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Thread: Calling Ken Bora

  1. #11
    Senior Member swampcollielover's Avatar
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    Ummm....Fire up the griddle and mix up the batter.....!

    Thanks...Ken...

  2. #12
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    Trying only to get a reference point of knowledge. Don't answer if the questions are too personal or time consuming ... especially now when you are in the midst of the season ... please.

    1. How big a stand of trees do you pull sap from and do folks in the trade lease property like hunting leases? Do trees have a life expectancy and do you replace them every so often. How old do the trees need to be.

    2. When you are actually "processing", how attentive do you need to be or can you work your other job and then check in on the work in progress?

    3. How many gallons of raw syrup does it take to produce one of your 500 ml bottles? How long does your average "boil" take and from that. about how many bottles does it yield?

    This stuff is fascinating to me from the standpoint that you all are so dedicated to the production for a reasonably short period and then just go on with your lives. To you it's dedication. To the rest of us ... well pancakes wouldn't be pancakes without your efforts yet we simply pour the syrup on and pick up the fork.

    When I was a boy, I saw (on one of the first TV's in town) something of a show on this and my Dad said we could try to make syrup. So, in a town named Three Oaks Michigan, we tapped about 4 or 5 sugar maples and got enough syrup to boil down to about ... exact memory fails me ... about a gallon. It was great, especially thinking that we'd made it. It was gone in about 2 months and we never repeated the "experiment". Once was enough.
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  3. #13
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    Ken Bora - I just read an extensive article this week where they have now perfected a system where maple tree saplings 10-15 feet high are cut and sap is removed from the center trunk. This does away with the need of tapping large trees, running tubes , random placed trees. The system plants the trees in close fixed positions w/minimal tubing runs to collection points. Claims NO alteration in type/consistency etc of sap. Welcome to the 21st century of intensive "sapping.!" I am a little south of you w/sapping traditions but not as market driven as Vermont.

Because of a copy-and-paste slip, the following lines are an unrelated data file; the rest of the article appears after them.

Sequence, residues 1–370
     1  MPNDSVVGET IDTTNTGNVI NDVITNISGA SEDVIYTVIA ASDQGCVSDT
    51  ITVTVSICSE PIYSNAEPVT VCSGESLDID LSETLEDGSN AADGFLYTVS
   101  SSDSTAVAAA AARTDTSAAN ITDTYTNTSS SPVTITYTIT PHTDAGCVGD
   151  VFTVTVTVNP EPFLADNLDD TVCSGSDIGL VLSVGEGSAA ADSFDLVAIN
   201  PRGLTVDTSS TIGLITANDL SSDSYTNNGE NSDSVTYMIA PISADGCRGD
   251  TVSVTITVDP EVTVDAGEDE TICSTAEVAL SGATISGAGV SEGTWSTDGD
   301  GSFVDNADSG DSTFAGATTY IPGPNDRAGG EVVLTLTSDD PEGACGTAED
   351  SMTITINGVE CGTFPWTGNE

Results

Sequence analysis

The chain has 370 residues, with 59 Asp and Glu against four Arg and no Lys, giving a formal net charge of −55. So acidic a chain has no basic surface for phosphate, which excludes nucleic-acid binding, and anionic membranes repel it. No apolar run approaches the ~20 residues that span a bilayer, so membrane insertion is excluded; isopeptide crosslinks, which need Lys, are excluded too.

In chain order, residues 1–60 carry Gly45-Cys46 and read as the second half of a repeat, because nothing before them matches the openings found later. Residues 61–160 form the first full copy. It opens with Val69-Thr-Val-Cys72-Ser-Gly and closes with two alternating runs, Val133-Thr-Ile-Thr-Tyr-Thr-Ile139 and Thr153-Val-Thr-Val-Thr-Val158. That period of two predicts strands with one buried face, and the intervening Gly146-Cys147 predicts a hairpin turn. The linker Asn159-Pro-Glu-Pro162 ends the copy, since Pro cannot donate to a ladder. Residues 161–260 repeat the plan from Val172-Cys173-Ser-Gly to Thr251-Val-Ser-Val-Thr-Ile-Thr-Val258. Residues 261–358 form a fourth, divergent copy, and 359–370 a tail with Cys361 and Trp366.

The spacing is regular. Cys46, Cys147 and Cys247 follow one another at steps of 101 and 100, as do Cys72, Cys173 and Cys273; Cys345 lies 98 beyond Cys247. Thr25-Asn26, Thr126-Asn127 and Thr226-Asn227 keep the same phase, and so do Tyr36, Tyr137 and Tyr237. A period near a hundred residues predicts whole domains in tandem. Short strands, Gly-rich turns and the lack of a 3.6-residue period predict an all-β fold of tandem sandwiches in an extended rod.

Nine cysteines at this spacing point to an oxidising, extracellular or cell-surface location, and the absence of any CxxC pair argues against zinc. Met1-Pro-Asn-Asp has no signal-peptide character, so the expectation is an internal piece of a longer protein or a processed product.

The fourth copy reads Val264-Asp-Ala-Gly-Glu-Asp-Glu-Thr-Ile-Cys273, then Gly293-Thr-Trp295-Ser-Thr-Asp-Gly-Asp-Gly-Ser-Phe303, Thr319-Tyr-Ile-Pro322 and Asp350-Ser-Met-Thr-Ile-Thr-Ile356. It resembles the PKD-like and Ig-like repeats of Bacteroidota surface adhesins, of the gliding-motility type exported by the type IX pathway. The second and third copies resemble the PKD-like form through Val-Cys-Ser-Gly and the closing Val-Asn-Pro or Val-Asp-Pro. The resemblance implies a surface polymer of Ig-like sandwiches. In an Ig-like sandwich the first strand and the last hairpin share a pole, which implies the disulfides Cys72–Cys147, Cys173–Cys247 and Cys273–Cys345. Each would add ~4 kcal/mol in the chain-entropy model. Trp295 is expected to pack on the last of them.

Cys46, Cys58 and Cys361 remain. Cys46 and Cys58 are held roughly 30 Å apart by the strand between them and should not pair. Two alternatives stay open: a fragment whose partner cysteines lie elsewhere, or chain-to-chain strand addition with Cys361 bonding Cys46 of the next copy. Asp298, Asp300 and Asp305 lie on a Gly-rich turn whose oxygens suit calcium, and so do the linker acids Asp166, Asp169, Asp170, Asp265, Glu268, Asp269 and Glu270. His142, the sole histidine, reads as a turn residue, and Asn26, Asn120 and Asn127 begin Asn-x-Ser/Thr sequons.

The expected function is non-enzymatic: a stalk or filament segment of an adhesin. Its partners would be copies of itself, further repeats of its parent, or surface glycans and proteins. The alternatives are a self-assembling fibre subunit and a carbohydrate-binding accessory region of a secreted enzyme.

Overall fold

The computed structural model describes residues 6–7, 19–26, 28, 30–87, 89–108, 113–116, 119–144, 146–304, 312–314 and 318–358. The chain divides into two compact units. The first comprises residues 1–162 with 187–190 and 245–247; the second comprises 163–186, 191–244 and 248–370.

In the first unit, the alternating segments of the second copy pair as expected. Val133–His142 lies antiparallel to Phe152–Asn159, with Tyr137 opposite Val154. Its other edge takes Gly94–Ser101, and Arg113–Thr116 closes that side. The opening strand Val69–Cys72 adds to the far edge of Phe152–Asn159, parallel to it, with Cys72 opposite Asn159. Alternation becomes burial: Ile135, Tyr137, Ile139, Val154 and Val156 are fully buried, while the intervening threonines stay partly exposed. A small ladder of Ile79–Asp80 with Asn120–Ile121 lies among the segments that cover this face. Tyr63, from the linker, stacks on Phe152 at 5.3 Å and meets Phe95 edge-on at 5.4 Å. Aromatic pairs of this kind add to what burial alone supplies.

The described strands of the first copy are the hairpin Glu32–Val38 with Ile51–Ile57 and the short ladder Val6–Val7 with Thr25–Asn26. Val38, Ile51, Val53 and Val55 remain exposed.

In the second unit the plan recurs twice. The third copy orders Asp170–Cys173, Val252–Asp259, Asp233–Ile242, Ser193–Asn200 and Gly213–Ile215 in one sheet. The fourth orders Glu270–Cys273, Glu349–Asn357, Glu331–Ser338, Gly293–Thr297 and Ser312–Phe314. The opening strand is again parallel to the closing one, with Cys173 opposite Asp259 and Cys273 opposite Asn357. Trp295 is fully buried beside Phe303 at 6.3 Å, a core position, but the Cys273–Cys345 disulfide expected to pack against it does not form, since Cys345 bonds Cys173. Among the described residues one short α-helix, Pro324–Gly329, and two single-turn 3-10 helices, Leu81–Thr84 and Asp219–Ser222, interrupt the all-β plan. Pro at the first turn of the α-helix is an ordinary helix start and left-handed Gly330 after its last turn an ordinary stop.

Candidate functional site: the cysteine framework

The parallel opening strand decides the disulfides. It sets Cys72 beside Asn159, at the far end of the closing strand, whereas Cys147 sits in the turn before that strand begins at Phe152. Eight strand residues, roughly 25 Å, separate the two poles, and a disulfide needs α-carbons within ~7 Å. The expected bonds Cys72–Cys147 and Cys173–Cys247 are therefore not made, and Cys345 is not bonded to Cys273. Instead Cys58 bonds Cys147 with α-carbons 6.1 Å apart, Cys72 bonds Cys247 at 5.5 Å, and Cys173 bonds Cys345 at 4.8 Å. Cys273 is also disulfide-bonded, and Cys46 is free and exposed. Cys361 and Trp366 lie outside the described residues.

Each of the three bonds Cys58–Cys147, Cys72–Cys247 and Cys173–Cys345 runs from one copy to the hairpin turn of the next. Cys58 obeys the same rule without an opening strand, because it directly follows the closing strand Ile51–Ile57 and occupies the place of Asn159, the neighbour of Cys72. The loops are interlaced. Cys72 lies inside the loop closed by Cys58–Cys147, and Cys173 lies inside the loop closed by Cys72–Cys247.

4. #14
    Senior Member M&K's Retrievers's Avatar
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    I may have dreamed this but it seems like Ken said it takes 50 gallons of sap to make one gallon of syrup.

    My step son recently asked if we had any of that "dog friend of yours" syrup left. I told him yes, one bottle left and he can't have any of it. He's just gonna have to wait until I reorder.
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  5. #15
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    Quote Originally Posted by M&K's Retrievers View Post
    I may have dreamed this but it seems like Ken said it takes 50 gallons of sap to make one gallon of syrup.

    My step son recently asked if we had any of that "dog friend of yours" syrup left. I told him yes, one bottle left and he can't have any of it. He's just gonna have to wait until I reorder.
    Mike I was thinkung it was about 1/2 of what you said to make a gallon

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  7. #17
    Senior Member Ken Bora's Avatar
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    Trying only to get a reference point of knowledge. Don't answer if the questions are too personal or time consuming ... especially now when you are in the midst of the season ... please.

    1. How big a stand of trees do you pull sap from and do folks in the trade lease property like hunting leases? Do trees have a life expectancy and do you replace them every so often. How old do the trees need to be.